The Austin Daily Herald from Austin, Minnesota on December 8, 1958 · Page 15
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The Austin Daily Herald from Austin, Minnesota · Page 15

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Monday, December 8, 1958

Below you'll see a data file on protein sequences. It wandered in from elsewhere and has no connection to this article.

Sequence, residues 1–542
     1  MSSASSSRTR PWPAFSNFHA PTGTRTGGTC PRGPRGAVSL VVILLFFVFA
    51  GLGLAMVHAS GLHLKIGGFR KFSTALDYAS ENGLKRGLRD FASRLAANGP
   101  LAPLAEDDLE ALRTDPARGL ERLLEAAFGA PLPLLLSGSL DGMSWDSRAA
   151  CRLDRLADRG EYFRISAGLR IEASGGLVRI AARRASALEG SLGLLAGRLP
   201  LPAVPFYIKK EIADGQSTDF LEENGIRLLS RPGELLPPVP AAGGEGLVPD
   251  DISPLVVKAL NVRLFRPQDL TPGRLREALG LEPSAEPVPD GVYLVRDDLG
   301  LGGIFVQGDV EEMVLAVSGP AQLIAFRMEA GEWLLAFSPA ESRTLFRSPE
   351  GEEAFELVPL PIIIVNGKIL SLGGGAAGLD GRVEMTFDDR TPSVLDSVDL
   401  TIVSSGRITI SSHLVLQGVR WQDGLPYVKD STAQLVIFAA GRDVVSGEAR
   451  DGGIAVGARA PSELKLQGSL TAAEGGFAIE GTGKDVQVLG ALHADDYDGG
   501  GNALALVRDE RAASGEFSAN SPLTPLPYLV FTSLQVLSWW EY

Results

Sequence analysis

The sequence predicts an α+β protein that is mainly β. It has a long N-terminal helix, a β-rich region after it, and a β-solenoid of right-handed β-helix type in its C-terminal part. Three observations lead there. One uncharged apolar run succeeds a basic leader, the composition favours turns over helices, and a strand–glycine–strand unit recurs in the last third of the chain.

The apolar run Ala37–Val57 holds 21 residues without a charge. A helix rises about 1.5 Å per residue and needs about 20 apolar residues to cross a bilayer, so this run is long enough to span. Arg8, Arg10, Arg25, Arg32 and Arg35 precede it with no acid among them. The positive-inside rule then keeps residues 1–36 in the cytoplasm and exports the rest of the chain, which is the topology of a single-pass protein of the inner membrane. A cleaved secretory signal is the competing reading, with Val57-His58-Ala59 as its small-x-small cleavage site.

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at No. J MARKET _. Monday, free. », 195* The following p«c*a »*r« Austin. BftfMWi and onui Orading NO. l No. a ijffi::::::::: IJiS IBO-190 , 18.30 190-200 17.60....17.50....17.10 ;1l<>~iiJj<> » 18.18..., 17.7S....1736 2JJ-230 .........17.00....17.50....17.10 •»<>•?;<! 17.68.... 17.M....18.85 "5*3*2 17.40....17.00....!«.« 230-2TO 17.1S....16.75....18.3f 260-270 .,.,,,...18.f»,.. ,16.50.... 16.10 •"0-280 Ifl.BS....16.35..,. 15.85 282-2M HMO....10.00.... 15.130 290-300 18.18.... 15.75.... 15.35 All butchers we Khmg nvcr 300 IM ire priced the snme *.« wiwl of tfi* wgt Grading "0300 -330 PACKING SOWS Nn I . N,, 2 No. 3 •'00-550 550-up 16.15..., 15.7S.... 15.35 15.00.... 15.50....15.10 15.as,...1.V2S....14.85 IS.'O... .18.00. ...14.80 15.15....14.75....14.35 .....14.90....14/0....14 10 M 65....14.25.... ms .14.15....13.75....13.38 . STAGS Stag* under 400 ................ 900 Slugs 400-600 ......... M!.!"! 825 StftgH over 600 ................. 725 nnderrintshed cull or filled hn«» ust be discounted accnrdlnRly. All are subject to government In- mis srniNo UMB MA- ". "rime ..... ........... 1850 ' 15.50-16.50 M«dlum ....... ...... ....... 14.00-H.50 Common ... ............... 10.00 down AM buck lambs discnuntw 11 pp. Tundrrd weight b» grade Umh« ovm too pounds discounted tOa per cwt IM pound. Old crop i»mbs at market ' VtAt MARKET 180-230 ............ 28.80-31.00 flood 180-230 ............... 26.50-28.00 standard .......... , ..... ...94 5n-2fln<i mimy iBo-230 ibe. ::::.:::22.oo-23:oo Choice heavy 240-300 Ibi. ..27.00-28.00 Oood heavy 240-300 Ibs. ..25.00-26.00 °«5j.f •'} weight ........... 9.00-18.00 •«£«£?*"• ov " 30 ° lb8 - dlwnuntert *j CWT Veal eaivM will be accepted at Au*. tin until 8:30 a.m. Friday No market on Saturday _ _ CATTLB MARKET 0. 8. Prime cteen it yearn S'V.w .................... 27.00-28.75 0. S Choice ateen ft year- nll "8* ..................... 25.00-27 35 OS Oood tteen & year_ lln KS • .................... 23.28-25.75 0 8 Standard *t«en & yearlings .. ............... 21.00-23.50 All heifers 50 cents to 75 cents CWT under steer prices. All steers over 1,050 lb«. and heifers over 950 Ibs. are •Itscnunted according to weight. U. S. Commercial Cows ..17.00-19.50 U. S. Utility Cows ........ I8.oo-I7.50 nutter ..................... 15.50-17.25 Cnnners .................... 14.00-16.00 Pnt. Bulls .................. 1750-21.50 gnusnge Bulls .............. 18.50-2350 U. Wt. Thin Bulls ........ 14.00-1600 AUSTIN GRAIN MARKET Soybeans ........................ «1. 9B Oats ...... ......... S3 "'''"''''' ' Corn .94 SOUTH ST. PAUL, Minn. (AP) calves 2,500; slaughter trade slow; Sheep 5,000; lambs weak to SO lower; good to choice 92-102 Ib wooled lambs I9.oo-21.00j cull and utility 15.00 *. 18.00; double deck good and choice 101 Ib shorn lambs with No.>l pelts 19.60; cull to choice slaughter ewes fl.00-8.00. CHtCAQO (AP) eantile Exchange Chicago Mer- butter firm receipts 493,000; wholesale buying prices V4 to % higher; 93 score AA 59; 92 A 59; 90 B 68V4; 89 C 67%; cars: 90 B 58%; 89 C 68. Eggs steady to firm; receipts, 16,900; wholesale buying prices unchanged to 1 higher; 70 per cent or better tfrade A whites 34; mixed 34; mediums 30; standards 31%; dirties 30; checks 29; current receipts unquoted. CHICAGO (AP) - (USDA).Live poultry no tone; Friday's receipts were 114,000 Ibs; wholesale buying prices unchanged; caponettes over Ibs 21-22; mostly 21. CHICAGO (AP) — (USDA)Potatoes: arrivals 242; on track 272; total U.S. shipments for Friday 606; Saturday 407; Sunday 6; supply moderate; demand good; market slightly weaker; car lot track sales: Idaho russets 3.45; Idaho bakers 390-4.00; Minnesota North Dakota Red River Valley pontiacs 2.35-2.70. NEW YORK PRODUCE NEW YORK (AP) — (USDA) Butter offerings light to moderate; demand fairly good. Receipts (2 days) 724,000. Wholesale prices on bulk cartons (fresh). Creamery, 93 score (AA) 6014-61 cents; 92 score (A) 60^-60%; 90 score (B) 60V4-60%. Cheese steady. Receipts (2 days) 130,000. Wholesale sales, American cheese (whole milk); single daisies fresh S7&-39& cents; single daisies aged 48-51; Hats aged 4851; processed American pasteurized 5 Ibs 37-38%; domestic Swiss (wheels) grade "A" 45-52; grade "B" 43-49 grade "C" 42-46. Wholesale egg offerings continued ample; demand improved today; receipts (2 days) 27,000. (Wholesale selling prices based on exchange and other volume sales.) New York spot quotations fol- — f vvvf V*M**Q« vv* fc* dUC Ql\JW . | ,. " early sales steers and heifers! : nlcludes midwestern: steady; cows fully steady with' Mbced colors: extras (48-50 Ibs) Friday's weak to 50 cent lower ! 35Mi " 36V4; extras lar « e (45-48 Ibs) close; bulls unchanged; load highi 33 '^ 35 ^ extras medium 31-3114; choice and prime 1149 Ib slaughter! smalls 29% ' 3 "; standards large, steers 27.50; most choice steers 33 - 36! ch€cks 32^-3314. Whites: extras (48-50 Ibs) 36- 39'i; extras large (45-48 Ibs) 34%. 36',4; extras medium 31-31%. Browns: extras (48-50 Ibs) 36%. 20.00-27.00; good 25.00-26.00; average choice 963 Ib slaughter heifers 26.25; utility cows 17.00-18.50; odd head strong weight utility up to 19.00; commercial and good i""*' bulls 21.50 - 23.00; vealers and slaughter calves steady; good and Couit SOVS Natural choice slaughter calves 23.00 •'<"" ~ 27.00; stockers and feeders active and strong all weights and grades; two shipments good and choice 465 Gas Can Raise Prices WASHINGTON (AP) _ The ,, ... - „ t , | Supreme Court today decided nat- Ib and choice 331 Ib stock steer Ural gas pipeline companies may ralse their P rices with °"t waiting er; sows 50 up; 1, 2 and 3, 190-240 Ib barrows and gilts 17.25-18.00; 1 and 2 hogs 18.25-50; some held higher; 2 and 3 240-300 Ibs 16.2517.50; 1, 2 and 3, 160-190 Ibs 17.2518.00; 1, 2 and 3 sows 270-400 Ibs 14.50-16.00; 2 and 3, 400-600 Ib sows 13:50-15.00; odd head 3 sows 13.00; er Commission. The decision was given on an appeal by the commission and three pipeline companies from a ruling by the U.S. Court of Appeals here tha gas suppliers could not do so unless their customer s agreed to the rate increases. Justice Harlan delivered the 5-3 Industry Trying to Give More Goods at Less Cost Soviet Nobel Winners Get Prizes in Sweden By SAM DAWSON AP Builneftg Newi Analyst NEW YORK (AP) - Getting more goods for less work has long been an- American goal. It is increasingly pressing in today's mounting costs and rising prices. Many manufacturers and service firms try for it by upgrading their plant and machinery, by getting a mechanism to do what used to take elbow grease. Many try for it by enlisting em- ploye enthusiasm through letting them share in the profits. Theoretically at least, the more the workers produce, the greater the profits to share after the goods FOR PRESIDENT are sold and the books balanced. The Council of Profit Sharing Industries estimates that 20,000 employers have some such program affecting perhaps two million workers. The Bonus Idea Many firms try for increased productivity by tying the wage itself directly to increases in output per man hour of labor. Increase your productivity above what is determined to be the norm and your take home pay goes up accordingly. How effective have these wage incentive plans been in increasing productivity, in cutting unit labor costs for industry, in increasing the earnings for employes? To find out, a study was made of 2,500 such wage incentive plans in 29 different industries as set up by 17 management consulting firms, three fourths of them since 1948. Just completed by the George Elliott Co., New York consulting firm, reports productivity rose by anywhere from 39 to 100 per cent, with an average of 63.85 per cent. Unit Costs Cut Companies using these plans cut unit labor costs by Anywhere from 9 to 59 per cent for an average saving of 25.91 per cent. Workers under the plans found take home pay higher by any- Mrs. Roosevelt Says Humphrey Possesses 'Spark of Greatness NEW YORK (AP) - Mrs. Eleanor Roosevelt says that among potential Democratic presidential candidates in 1960, Sen. Hubert H. Humphrey (D-Minn) is the one who comes closest to having the "spark of greatness" the next president will need. In a televised interview Sunday (ABC's "College News Conference"), the former first lady said she still feels Adlai E. Stev enson "Is the best nomination that we can make." But, she added, "there is a tradition that someone nominated twice and defeated both times never has won an election. This probably means he will not be given the mandate again." The Democratic party has a number of good candidates, she said, but "they haven't as yet shown a spark of the greatness that I think we need in the next president . . ." A panelist asked: "In view of Sen. Humphrey's creative work in foreign relations over a number of years and his recent direct approach to Soviet Premier Nikita Khrushchev, don't you think he's beginning to show this spark oi greatness?" Mrs. Roosevelt replied, "I could have said that he seems to be the nearest to coming up to it that I've yet seen." Boy Comforted by Impression Boilermaker Dad Did Surgery £E»'S i i,r* 8ood -*2=ssssr^.'. Sheep, ' 3,200; ' t r a d ing slow- ; dissenting °P mi °n in which Chief wooled slaughter lambs about steady; shorn slaughter lambs still unsold at 11 a.m.; slaughter! l «. B in ewes and feeder lambs unchanged! ' St Bank President slaughter lambs weighing over 105 Heads National AsSH. Warren and Justice Black joined. Justice Clark took no part. Ibs under severe pressure, discounted for weight; good and choice 90-105 Ib wooled slaughter lambs 19.50-20.50; largely 20.00-50; WASHINGTON (AP)-Joseph H. Colman of Minneapolis has been elected president of the Associa- _ . . shipments good and choice 108 lotion of Registered Bank Holding averages 19.00; 115 Ib weights, Companies. 18.50; 130 Ibs 17.00; utility to low) His recent election by directors good wooled slaughter lambs 18.00- i was announced "today. He sue- 19.50; good and choice slaughter! ceeds •*• Cameron Thomson of yearlings 98-121 Ibs 1G.OO-17.50; cull i Minneapolis who will retire as to choice slaughter ewes 5.00-8.00; head of the association Jan. 25. good and choice feeder lambs Coleman is president of the 20.00-21.00; medium and good feed- f First Bank Stock Corp. ers 18.00-20.00. CHICAGO LIVESTOCK CHICAGO (AP) - Shipper demand boosted hog prices as much STOCKS as 50 cents a hundredweight to-[Stocks• ' NEW YORK (AP) — 1 p.m. day; sows were mostly 25 higher. Salguther steer prices were steady to 25 cents lower with the decline on heavyweight; vealers steady. Slaughter lambs weak to 50 cents lower. Good to choice wooled lambs bringing $19-21 and ewes $6-8. CHICAGO (AP) - (USDA) Hogs 12,000; 25 to 35 higher on butchers, instances 50 higher; 2-3 mixed grade 200-225 Ib butchers 18.25-18.75; a few lots of these to 19.00; several lots 1-2 190-220 Ibs 18.85-19.25; several lots Is these weights 19.25 - 19.50; sixty head closely sorted 200-215 Ibs 19.50; mixed grade 2-3 230-250 Ibs 17.7513.25; a few 2s around 230 Ibs as high as 18,75; mixed grade 2-3 260290 Ibs 17.25-17.75; and a small volume mostly 3s 290 - 300 Ibs 17.00-17.25; mixed grade 330-400 Ib sows 15.25-16.25; most 425-525 Ibs 14.25-15.25. Cattle 24,000; calves 100; slaughter steers heavy weights steady to 25 lower; a few loads prime 1,200-1300 Ib slaughter steers 28.7529.00; bulk choice and prime steers 1,300 Ibs and below 27.0028.50; a few loads choice and prime 1,350-1,475 Ibs 25.50 - 27.50; good steers 24.00-27.25; a few loads Abbott L 69V» Intl Paper 115% Allied Ch 89U Jones & L 55Vi Allied Sirs 54 Ken'cott 92% AllisChal 27V4 Lord'lrd 82ft Amerada Am Can Am Mtrs AT&T Anac Co 99% Lukens Stl 68 50 Minn MM 104 34V* Minn P&L S3V 4 196Mi Mon Chm 38% 56Vi Mon Dk U 30% ArmcoStl 62% Mon Wrd 4U4 Armour 22% Nat Dy Pr 48 Beth Steel 48U No Am Av 41Vi Boeing Air Nor Pac 48% Case JI 21V« Nor St Pw 21V« 27% Norw Airl 27 Penney 110 Celanese Ches & O CMSPP Chi & NW Chrysler Cities Svc Comw Ed Cons Ed Cont Can Cont Oil Deere Douglas Dow Chem 72% St Brands duPont 196»i St Oil Cal EastKod 133U St Oil Ind Firestone 124% St Oil NJ 484 41% 44% Ford Mtr 45'4 Gen Elec 25 Phil Pet 30Vs Pure Oil 51V4 Radio Crp 60% Rep Steel 69% 52V4 Rey Tob B 86% 58V. Rich Oil 105 58% Sears Roe 37% 56H Shell Oil 80 49U Sine Oil 62% Soc Mob 48V 4 61% 58% 46% 58 Stud Pack Sunray 144 27 Gen Foods 77% Swift & Co 33% Gen Mtrs Goodrich Texas Co 74% Truax Tra 854 20% mixed choice and prime 950-1,000! Goodyear 115 Un Oil Cal 43% Ib heifers 28.00; bulk good and Gt Nor Ry 49'i Un Pac choice 25.50-27.75; utility and com- Greyhound 18Vi U S Rub mercial cows 17.00 - 20.00; few Homestk $2% U S Steel standard to 22.00; canners, and I Inland Stl 133% West Un cutters 15.00-18.25; a few Holstein j IB Mach 452 Westg El cutter and utility cows mixed as. 50-19.00; utility and commercial bulls 22.00-24.50, individuals 24.75; a few heavy fat bulls 20.0022.00; good vealers 29.00 - 32.00; utility and standard 20.00 down to is.oo. 29.00; Bid 53% 35 44% 87% 30% 69V 4 Yng S & T 112 George A. Horaei Ik Co.- Common Stock <Wrl«bt Wells & Co.) Aske ROCHESTER, Minn. (AP) Great confidence in his dad and a desire to be strong as other kids led a 5-year-old English boy to the operating room where surgeons mended his defective heart. Stephen Smith still believes it was his father, a 31-year-old London boilermaker, who performed the surgery Friday. Actually it was Mayo Clinic surgeons who did Traffic Count Stands 31 Off Record High Minnesota's traffic toll today stands at only 31 short of last year's record highway slaughter. Deaths over the weekend raised the state's 1958 toll to 654, compared with 635 during the same period last year and the 685 total for all of 1957. A Pine City man was killed early Sunday near Esko, 12 miles west of Duluth, The victim was John H. Neville, 27, Route 4, Pine City. Neville's car crossed the center divider of four-lane Highway 61 and struck a bridge abutment. Fatally injured in the Long Prairie collision Saturday night was Mrs. Albert Hockemeyer, 44, Long Prairie. Sheriff James Brain of Todd County said a car driven by Homer Pooler, 29, Eagle Bend, Minn., apparently skidded aftej breaking on a sharp turn. The machine collided with the car carrying the Hockemeyers and two of their children, Keith, 10, and Betty, 6. Passengers in the Pooler machine were the driver's brother, Calvin, 18, and Vernon Rhodes, also of Eagle Bend. Hockemeyer, 50, remained in critical condition in a Long Prairie hospital early today. Betty was in critical condition with a skull frac- ure, attendants at a Minneapolis hospital reported. Calvin Pooler, also hospitalized in Minneapolis, was in poor .condition. Keith Hockemeyer, Homer Pooler and Rhodes were in fair condition at Long Prairie. Terrence L. Murphy, 24, St. Cloud, died in a St. Cloud hospital Sunday of injuries suffered when his car left Highway 52 east of Collegeville and overturned late Saturday. Leroy Adams, 17, of rural Hennepin Couny, was killed Saturday when the car in which he was riding left a curve on a county road near Minneapolis and struck a tree. A companion was injured. West Berlin Policy Strong: Humphrey WASHINGTON (AP)-Sen. Hubert Humphrey (D-Minn) returned today from the Soviet Union and said he does not believe his message from Soviet Premier Nikita Khrushchev "bodes any ill" for the United States. Humphrey plans to give the message to President Eisenhower at a meeting at the White House Tuesday. 'I don't think we have anything to fear from the Soviet Union if we remain strong and stand firm in the crises they develop such as the one in West Berlin," Hum- the operation, Stephen's only hope of living beyond childhood. Father Explains "Stephen knew how much of the operation meant to him," Frederick Smith explained. "We have told him he-can run and play like the other boys on the street if he gets well. I didn't try to mislead him but he has can policy in West Berlin now to be a firm one and that he fully supports it. Humphrey, a member of the Senate Foreign Relations Committee, said he had "long and extended notes" on his eight-hour meeting at the Kremlin with Khrushchev and other Soviet leaders. He declined to go into any details but said: "I think Premier Khrushchev wants peace at this time. For his seven-year plan he needs peace." Arriving earlier today in New York, Humphrey said he believes the Western Powers will not be ousted from Berlin if a "united policy is maintained and we don't lose our tempers." In exploring cliff dwellings in the Mesa Verde National Park, Colo., radio direction finders and used. These help to avoid cutting trees in the explorations. so much confidence in me that he thought I would do the operation.' At the head surgeon's suggestion, Smith went along when Stephen was wheeled into the operating room. Doctors let the boy believe his father would remain there. In the eyes of the frightened child, his dad was the man who would see him through. It Comforted Boy "I don't want to tell him yet about the wonderful surgeons here who performed the operation,' said Smith. "He believes I did it I think it comforts him to fee that." Doctors repaired a hole in the wall separating chambers of the lad's heart. The surgery appearec to be successful, but it will be a few days before physicians can tell whether Stephen will recover For a time Saturday, the Smiths feared they would lose their son. Mrs. Smith wept as she stood by the bed of her delirious boy. He Has Ambition After that scare, the Smiths watched their son begin to improve. He took liquid food Sunday. The incision stopped bleeding and the child was taken off transfusion. "When he gets back to England he's going to want to take on the whole neighborhood because he knows he's going to be strong,' said Smith. 'Daredevil Type 7 Is Beaten in Game of Russian Roulette WINONA, Minn. (AP) — The Winona teen-ager put a pistol to lis head and pulled the trigger. The hammer clicked. David Nolan flipped the cylinder, fired again and fell mortally wounded, the victim of Russian roulette. Sheriff George Fort pieced to[ether that account today after questioning the other teen-aged boys and girls who attended an five girls and four boys had returned to .their homes in Winona. Those who remained had two cases of beer. At 1 a.m. two of the girls went home. Fort said the other youths stayed all night. By 7 a.m., most of them were up, "talking and drinking," the sheriff said. Bullet From Brother The youths Fort questioned said Nolan obtained a bullet from ill-night drinking party at a near- brother, also at the house, went ly farmhouse. j into the dining room and played "He was a daredevil type of his deadly game with fate, kid," Fort said of Nolan. j Nolan never regained conscious- Three of Nolan's companions ness. The other youths were pick- old the sheriff that Nolan inserted one cartridge into one of the nine chambers of the .22 caliber target pistol, spun the cylinder and an- jnounced, "One of these has got a bullet in it." Nolan died in a Winona hospital at 11:30 a.m., ed up at their homes. Taken to the sheriff's office for questioning were Golish; five girls, 14 to 16 years of age, and three boys, two of them 16 and one 17. Golish and three of the girls were held overnight; the others were released Sunday, about 2% hours after the!to the custody of their parents bullet went into his left temple.! Sheriff Fort said he will charge 20-30 Persons Golish today with contributing to Fort said between 20 and 30 the delinquency of juveniles and young persons went to the farm buying beer for minors. The girls of Donald Golish, about 35, Satur- held overnight will be turned over day evening. By 8 p.m. all except to juvenile authorities, Fort said. And Now They Blame Mother for Daughter's Rheumatism ROCHESTER, Minn. (AP)—A,women suffering severe rheuma- later life of arthritic pain may fol-j toid arthritis showed the victims low for girls who do not receive'felt their mothers gave them less normal maternal love and affec-| afiec -'tion than they needed. The tion, a survey indicated today, i motll ^ rs also subjected their Drs. Stanley H. King of Harvard! ^ University and Sidney Cobb of the! University of Pittsburgh reported) their findings to a meeting of the from the parent of the same The doctors said a child normal- American Rheumatism Assn. here this weekend. The two scientists said sexual maladjustments of some women arthritic sufferers may be partial- phrey told newsmen at National ly explained by a lack of maternal ^ I Airport. i i ovp Airport. M ovei 55% v. | He said be considers the Ameri- The report »«id sex. "Disturbance in identification with mother," they said, "is likely to cause confusion about her identity as a female in the culture, which in turn would be likely to have an adverse affect on one aspect of her female role—that con- survey of cerned with sexual relation!." where from 9 to' 39 per cent for an average of 20.6 per cent. Wage incentive plans were set up by the consultants in this fashion: Basework measurem e n t s through time studies or predetermined time systems set performance standards considered acceptable by managements and the unions for employes to be able to earn their base rate of pay. Then incentive bonuses were offered for extra productivity above the determined standard performance. Standards Updated Some standards were updated from time to time to take into account changes in methods, equipment or products. The survey reveals the dollar and cents value to the firms adopting them: for every 1 per cent increase in wages earned by the worker, the companies on average increased productivity by 3.1 per cent and cut unit costs 1.25 per cent. Increases varied widely among industries. Railroad employes involved in such plans had the best earnings ncrease, 39 per cent; followed by chemical workers, 34.46 per cent; ransport equipment workers (other than autos), 31.71 per cent; services allied to transportation, 1.5 per cent; and stone, clay & [lass products, 31.22 per cent. Other Figures Tobacco workers had the smallest increase, 9 per cent, although the tobacco industry led all the est with a 100 per cent increase n productivity, while autos and auto equipment had the lowest productivity gain, 39 per cent. The railroads had the best luck n cutting unit costs, 59 per cent. Tobacco was second in cost cut- ing benefits, 49 per cent; fol- owed by state & local government enterprises, 39 per cent; metal rolling & extruding, 39 per cent and the stone, clay & glass group, 37.89 per cent. STOCKHOLM, Sweden (AP) Winners of 1958 Nobel Prizes gathered today for the prize giving. The Russians sent the three winners of the physics prize but, as promised, literary winner Boris Pasternak stayed home. Another blast was loosed at Pasternak, author of the novel "Dr. Zhivago," by Soviet writers at a Moscow meeting Sunday. The prizes will be awarded at ceremonies Wednesday. INFANT PIONEER DIES BUFFALO, N.Y. (AP) - David M. Wilson, 81, instrumental in developing one of ,the first formulas for the artificial feeding of infants, died Saturday. He was the first dairy commissioner of Kansas. CHURCH LEADER DIES GRAND HAVEN, Mich. (AP) - The Rev. Edward J. Tanis, 71, retired, one of the leaders of the Christian Reformed Church, died of a heart condition. He conducted a column, "The World Today," in the church's publication, The Banner, for 39 years. Heird thi hippy news for FOLKS ON A BUDGET? AnniV.trMrjr Plan 30DP Pasternak's three countrymen arrived to share in the physics prize of $41,420. The Soviet scientists are P. A. Cherenkov, 1. M. Frank and Igor Tamm. Coming In early today from London were the British winner of the prize in chemistry, Frederick Sanger, and Dr, Joshua Lederberg, who shares the medicine and physiology prize with U.S. colleagues Dr. George Beadle and Dr. Edward L. Tatum. Beadle arrived Sunday and Tatum was expected later today. Lederberg is from the University of Wisconsin, Tatum from the Rockefeller Institute in New York AUSTIN (Minn.) HIMie 4K Monday, DM. •, t9ft IV and Beadle from ttrt institute of Teatttwloff It fm> dent. P««c« Wlnn» IA Otto Father Domttiqaw GMfgei Wtt, Belgian priest who won Hit p«tet prize, arrived In Oslo, Norttf, to receive his prize thera Wedftea- day. the peace prize is awarded by a five-man committee from tht Norwegian Parliament. The other winners were picked by Swedish groups. Pasternak at first accepted his literature prize, then turned it down under pressure at home. But the committee making the * award said he would be listed as the 1958 winner, although the $41,420 was put back in the Nobel fund. His diploma and gold medal are in a safe, to be given him if he ever comes to Sweden, MONTHLY CASH BENEFITS when you're laid up by covered disabling accident or sickness. Plans costing les* than 141! a day, for preferred male risks under 39, are available. Phone, visit or writs for free details today JOHN LAWRENZ 1906 McKinUy - Austin Phone HE 3-4625 Mutual of Omaha < Miituol lM*M H«lrii & Accld.nl AnoctatlM, Omaha, Ntbratka. NOTICE The Hayfield Furniture Co. wishes to thank the public for their generous patronage in the past. We will continue to operate as before until the business is sold. We will employ competent, licensed funeral directors. Daytime Calls - 3622. Night Calls - 2872 or 3506. H. H. Gandy, Temporary Manager In Your Hour of Niri . The courteous, dependable 11 a f f of Worlein't give careful attention to all details in your hour of need. Traditionally fine Worlein services are with* in the budget range of all Families. 606 Lansing Avenue Hemlock 3-5000 NOTICE POLICE CIVIL SERVICE EXAMINATIONS Applications (or competitive axaminationi will be received by the Police Civil Service Commisiion up to and including December 15, 1958, for petition* 01 Patrolmen en Hit Police Force of the City of Austin, Minnesota. Applicants must be cltisens of the United Statas, must hove resided in the City for at least one .year next preceding the dotes of their application, must be not less than 21 and not more than 35 years of age on date of application. Minimum height 5 ft. 7 In. Max 6 ft. 4 In. Minimum weight 150 Ibj.; maximum weight 225 Ibs. Education, high school graduate or the equivalent. Applications for examinations must be on forms supplied by the Commission and can be obtained at the Chief of Police'* office. Said applications properly filled out must be delivered to the Chief of Police not later than December 15, 1958. Successful applicants must pass each of the following examinations: WRITTEN, PSYCHOLOGICAL, ORAL AND MEDICAL. Successful applicants will be notified as to time and place of said examination. POLICE CIVIL SERVICE COMMISSION Dec. 5-8-10-12, 1958, HOP HERE! I SUPERVALU MKfeHW FOOD STORES SAVE MORE! TUESDAY and WEDNESDAY ONLY! LARGE JUICE ORANGES.... 49 FOLGER'S COFFEE » »79< LEAN Button Strips.. "• 99' SANDWICH COOKIES ... 49 Austin'Super Vnlu Gold Bond 127 W»st Mill (Next to Nnn«y'*) DIAL HE 3-3553 - FBEE DELIVERY ON ORDERS OF $5 OR MORE We Reterve The Right To limit Quontitie* AUCTION Having decided to quit farming, I will sell the following described property at Auction, Located: 6 miles North of leRoy, then .114 miles East; or 2 miles South of Ostrander, then 1% miles West. THURSDAY, DEC. 11 STARTING AT 12:30 F. M. Excellent Line of Power Machinery Several Pieces Practically New - If in need of machinery attend this sale. 1956 Formal "400 Diesel' Tractor, complete with Live PTO, Power Steering, 1 Valvt Hydraulic Torqut Amplifier, Over Size Tires, also Cylinder A Whwl Wti. (Only I486 houri) 1956—455 4-raw Cultivator 1946—Formal) M. Tractor, with 2 row cultivator (A-l condition) IJ41—Case SC Tractor with J-row cultivator (A-l condition) 1946—McCormick t Tractor with cultivator (just overhauled) 1*50—Case A-6 Combine PTO, Dual Wheels (good condition) 1956—John Deere R.W. 13h ft. Tan- •«.f lm .J wlw *LP' le ' Corri " T »P» 1955—Oliver Trip Beam 3-16 Plow (Like new) 1955—Walsh Stiel flare Box New Idea I.2S Nylon Tired Wagon (good) 5-Section Flexible Drag, Steel Fold Evenen Ford 3 Point Hitch 2-iectlon Digger 300-gol. Gas Tank and Stand 2-wh««l«d Trailer Corn Stalk Ufttr Rubb*r Tired Wagon ani lax Short Iltvaror, H H. P. electric Motor MaiMv-Harrit 10-ln. Hammir MM, l»47-Plymouth 4-Door MM, Sptciil Deluxe, new rubber l»42-Chtv. M Ton Nckli», MW tlrei, stock rack Took and MlKclloneout Item FEED App. (00 lolei 2nd Crop Clover cnl Timothy Hay i Ap». 2200 talei «f ht Crt* Clwir and Timothy Hay CHICKENS ISO Whlre Leghorn Pullett Some Houuhold Goodi, including Oil Burning Cook Stove with circulating water lyitem; Oil Burning Space Heater, largo site, ate. TERMS: Cash or «ny •rrana*m«nh m«U with cMc *r your banker. No property to be romovodl until MttU4 for. LOREN JACOBSON, Owner Al Albright, Austin and Art Sparks, Sargeant, Aueh. Oitrander Slat* Bank, Clork WORKSHOP, HOME TOOL Tomlinson Sawmills, Inc. Complete Building Suppliet Hwy 218 So. AUSTIN Hi. Hi